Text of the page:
Culture Redefined

From The Grain & Salt Society (spring 2003)

Cultured Foods

Cultured foods date back to the earliest civilizations. In modern as well as ancient times, wine, beer, cheese and yogurt are examples of cultured products. Modern methods of quick production have reduced the health benefits. Most fermentation is now aided by genetically engineered enzymes. Dairy that hasn’t been cultured into kefir or yogurt forms mucus and clogs the kidneys.

Traditionally cultured foods help re-establish your healthy flora. They improve digestion and reduce cravings. Cultured foods include cultured vegetables, apple cider vinegar, kefir, miso, tamari and shoyu.

“They are ideal for pregnant women, ensuring a healthy birth canal for her newborn child, who will rely on her to provide healthy bacteria. Children with autism-spectrum disorders benefit from the culture as well,” says Donna Gates, author of The Body Ecology Diet.

Adding other bacteria is important too. Acidophilus and lactobacillus bifidus bacteria are the two most predominant bacteria in a healthy gut. Gates adds, “When there are no healthy bifidus bacteria in the colon, as much as sixty percent of a woman’s estrogen is lost when it is eliminated from her body in the stool. Which would you prefer? Creating a healthy inner ecosystem in your intestines or taking artificial estrogens?”


Historically, food was preserved in a seasoned salt brine. Currently many picklers use vinegar mixtures and other preservatives.


A chemical change caused by enzymes produced from bacteria, micro-organisms or yeasts. Fermentation alters the appearance and/or flavour of foods and beverages such as beer, buttermilk, cheese, wine, vinegar and yogurt. Fermented foods help absorption of zinc and iron.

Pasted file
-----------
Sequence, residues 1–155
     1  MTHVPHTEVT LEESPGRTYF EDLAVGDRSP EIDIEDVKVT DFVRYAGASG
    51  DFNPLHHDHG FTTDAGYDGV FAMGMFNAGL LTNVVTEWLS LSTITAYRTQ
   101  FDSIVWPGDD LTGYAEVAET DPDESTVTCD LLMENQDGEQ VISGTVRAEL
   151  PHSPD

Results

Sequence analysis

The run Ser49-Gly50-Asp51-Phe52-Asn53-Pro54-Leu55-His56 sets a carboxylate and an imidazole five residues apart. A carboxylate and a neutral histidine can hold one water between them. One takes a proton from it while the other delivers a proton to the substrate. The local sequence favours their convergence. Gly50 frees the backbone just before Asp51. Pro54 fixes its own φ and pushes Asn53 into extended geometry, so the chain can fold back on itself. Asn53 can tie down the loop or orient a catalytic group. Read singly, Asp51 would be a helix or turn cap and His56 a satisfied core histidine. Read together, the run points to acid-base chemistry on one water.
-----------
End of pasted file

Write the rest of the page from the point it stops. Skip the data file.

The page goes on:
An ancient cultured food rich in amino acids, enzymes, calcium, magnesium, phosphorus and B vitamins. Easy and fun to make at home, it is superior to commercial yogurt. An absolute must after antibiotic use. Kefir makes a perfect breakfast smoothie.


Prebiotics are constituents of food that our gut flora feed and grow on. Prebiotics include fructo-oligosaccharides (FOS) and other soluble fibres found in grains, fruit and some cereal products. Prebiotics help digestion and the immune system.


Probiotics—lactobacillus bifidus and acidophilus are two examples—are live strains of friendly bacteria that help the digestive system work efficiently. They are found in yogurt with live cultures and specially formulated probiotic products, including capsules and powders. Pollutants, toxins, antibiotics and overly processed foods reduce the number of naturally occurring good bacteria in our gut. Studies have shown that optimal numbers of good bacteria increase the immune system’s ability to fight disease. Probiotics may also have a role in reducing the severity of allergies.

Posted on August 26, 2015 and filed under You asked us.